Since installing the odd stack defense in 2010, St. John Fisher College (NY) has shattered its school records in total defense and rushing yards per game. Defensive Coordinator Mike Fox writes about his “X” concept, his most productive pressure, which allows him to get +1 in the run game to defend the read zone game.
By Mike Fox
St. John Fisher College (NY)
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At St. John Fisher College our philosophy is to proactively keep opponents off schedule in the run game by creating negative plays on first down. We take an aggressive approach to this philosophy out of our 3-3-5 base defense by using calculated five-man pressures at the point of attack based on film and tendency study.
In this clinic report, I am going to share one of our favorite base pressures used against a zone read scheme offense. This pressure is simple in concept, but I believe the details and teaching in the run fits are what makes them most effective.
At St. John Fisher, we are a base 3-3-5 defense utilizing two 4-techniques with our defensive ends, 3 true inside linebackers and 3 true safeties. We are primarily a cover 3 or 3 under 3 deep base coverage team, but occasionally being run out of a two high safety shell.
It has become common thinking that football has become an offensive driven game. Multiple formations, multiple tempos can create problems for any defensive coordinator. All that said, I believe running the 3-3-5 puts the pressure back on the offense. Preparing for the 3-3-5, duplicating scout looks, and overall scheming against this defense can become a nightmare for offensive coaches.
As a defense, we want to make sure in our eight-man front we can account for all eight gaps. Without playing quarters, cover zero or cover one we use our blitz concepts to create a +1 concept against the major run plays we will see, always trying to get an unblocked defender to the point of attack. The X Concept shown below is one way that we are able to effectively do this.
The X Concept is a commonly used pressure out of 3-4 and 3-3 fronts. It is a gap exchange blitz between our Mike and either the Sam or Will. When talking about defending an inside zone scheme, we use a 1 back, 1 gap philosophy. A good zone tailback is taught to find the daylight and then press front side or back side depending on linebacker and defensive line flow. Here are a couple key coaching points we think make this a successful blitz in what we do.
To see narrated game cutups of the X pressure concept, click on the video below:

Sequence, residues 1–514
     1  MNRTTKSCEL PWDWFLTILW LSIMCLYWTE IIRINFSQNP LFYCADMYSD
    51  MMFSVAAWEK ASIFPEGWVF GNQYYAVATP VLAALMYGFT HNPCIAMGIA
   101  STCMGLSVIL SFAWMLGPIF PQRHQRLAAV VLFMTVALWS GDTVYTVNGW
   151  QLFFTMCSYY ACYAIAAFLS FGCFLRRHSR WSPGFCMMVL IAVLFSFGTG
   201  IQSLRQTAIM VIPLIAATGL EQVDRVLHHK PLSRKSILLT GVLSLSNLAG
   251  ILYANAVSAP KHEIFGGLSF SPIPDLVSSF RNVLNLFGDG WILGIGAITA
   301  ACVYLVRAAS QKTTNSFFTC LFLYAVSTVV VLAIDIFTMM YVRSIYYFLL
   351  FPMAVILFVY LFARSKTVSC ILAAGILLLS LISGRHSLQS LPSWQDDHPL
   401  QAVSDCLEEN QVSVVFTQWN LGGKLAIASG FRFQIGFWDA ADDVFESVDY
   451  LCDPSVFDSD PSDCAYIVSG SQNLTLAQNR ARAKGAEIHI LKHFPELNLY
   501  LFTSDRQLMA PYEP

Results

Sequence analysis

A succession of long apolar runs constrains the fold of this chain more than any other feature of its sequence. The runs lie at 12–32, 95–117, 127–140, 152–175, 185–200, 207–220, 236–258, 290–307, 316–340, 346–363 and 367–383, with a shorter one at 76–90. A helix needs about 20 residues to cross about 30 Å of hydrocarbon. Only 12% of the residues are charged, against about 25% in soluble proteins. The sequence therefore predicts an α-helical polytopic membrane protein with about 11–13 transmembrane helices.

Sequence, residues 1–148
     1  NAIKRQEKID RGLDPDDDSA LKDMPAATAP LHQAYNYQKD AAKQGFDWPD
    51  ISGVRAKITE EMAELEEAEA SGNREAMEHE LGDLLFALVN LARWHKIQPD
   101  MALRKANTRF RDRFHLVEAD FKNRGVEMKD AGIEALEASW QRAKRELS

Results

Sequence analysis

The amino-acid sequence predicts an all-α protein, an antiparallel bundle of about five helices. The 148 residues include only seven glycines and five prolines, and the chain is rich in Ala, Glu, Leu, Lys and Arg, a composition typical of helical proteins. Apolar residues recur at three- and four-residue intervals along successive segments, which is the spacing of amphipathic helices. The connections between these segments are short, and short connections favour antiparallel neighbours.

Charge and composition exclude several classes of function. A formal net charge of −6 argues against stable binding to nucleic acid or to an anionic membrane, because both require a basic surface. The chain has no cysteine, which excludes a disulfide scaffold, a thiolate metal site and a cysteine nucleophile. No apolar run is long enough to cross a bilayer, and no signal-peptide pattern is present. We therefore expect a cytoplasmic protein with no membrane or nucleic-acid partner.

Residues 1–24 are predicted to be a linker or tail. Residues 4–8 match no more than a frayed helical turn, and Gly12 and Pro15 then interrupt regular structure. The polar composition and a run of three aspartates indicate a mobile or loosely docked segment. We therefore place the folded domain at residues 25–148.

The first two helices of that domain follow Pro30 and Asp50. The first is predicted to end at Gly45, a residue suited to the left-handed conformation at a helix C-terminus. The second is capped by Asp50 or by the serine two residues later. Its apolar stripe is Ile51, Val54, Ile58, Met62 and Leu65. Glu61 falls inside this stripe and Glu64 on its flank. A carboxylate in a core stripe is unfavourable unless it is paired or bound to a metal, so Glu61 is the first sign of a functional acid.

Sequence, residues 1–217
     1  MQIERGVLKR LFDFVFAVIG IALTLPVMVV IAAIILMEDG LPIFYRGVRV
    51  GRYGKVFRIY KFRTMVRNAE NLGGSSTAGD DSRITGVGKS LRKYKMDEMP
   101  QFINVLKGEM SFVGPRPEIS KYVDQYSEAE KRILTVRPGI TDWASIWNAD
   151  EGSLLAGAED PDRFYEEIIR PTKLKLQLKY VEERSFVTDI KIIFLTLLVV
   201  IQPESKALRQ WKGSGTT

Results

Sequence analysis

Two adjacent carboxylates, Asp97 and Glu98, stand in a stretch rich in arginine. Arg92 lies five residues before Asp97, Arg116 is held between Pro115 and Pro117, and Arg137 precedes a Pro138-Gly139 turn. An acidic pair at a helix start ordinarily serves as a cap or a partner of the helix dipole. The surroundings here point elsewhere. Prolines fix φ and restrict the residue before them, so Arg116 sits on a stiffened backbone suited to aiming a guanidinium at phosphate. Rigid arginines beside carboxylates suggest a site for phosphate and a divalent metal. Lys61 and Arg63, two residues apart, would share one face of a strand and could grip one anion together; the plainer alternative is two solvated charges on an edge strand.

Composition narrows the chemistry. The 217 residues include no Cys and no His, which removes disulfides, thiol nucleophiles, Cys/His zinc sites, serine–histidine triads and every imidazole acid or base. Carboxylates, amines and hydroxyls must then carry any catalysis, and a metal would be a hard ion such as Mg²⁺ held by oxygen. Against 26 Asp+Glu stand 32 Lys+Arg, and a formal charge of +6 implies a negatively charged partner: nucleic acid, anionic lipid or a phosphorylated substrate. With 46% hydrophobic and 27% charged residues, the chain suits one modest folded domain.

Weekly Tags to Match Offensive Personnel…
In the full-length version of Coach Fox’s clinic report, available to Insiders members, he reveals how he tags the concept each week to match offensive personnel. Here’s a short list of what else you’ll find in the full-length version of this report…
- How to tag the concept each week to match offensive personnel and tendencies.
- The fundamentals behind the “pick” technique that Coach Fox uses in order to get +1 at the point of attack in option.
- How he dictates which linebacker will be the “read defender” on the back side of option to maintain gap integrity.
- VIDEO: Watch narrated game film on this concept.
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The great thing about the stack defense is that there are multiple blitz combinations and games you can play with your defensive line, linebackers and safeties. This is both an advantage and curse. Like any defense more is not always better, we try to be effective at four base five-man pressures in order to defend against the run game. As things have changed and evolved in our defense in scheme and personnel the X concept has been a staple of our defense and is a critical component in slowing zone and zone read based teams.
Meet Coach Fox: Coach Mike Fox has now spent 10 years coaching at St. John Fisher, with the last 7 as the Defensive Coordinator. In 2014, he led the #1 ranked defense in Empire 8 conference in all major categories including total yards, points, and rushing. St. John Fisher College currently is the winningest Division III football program in the northeast over the last 12 years. Fox was a 2 time All American linebacker at St. John Fisher before he became a coach.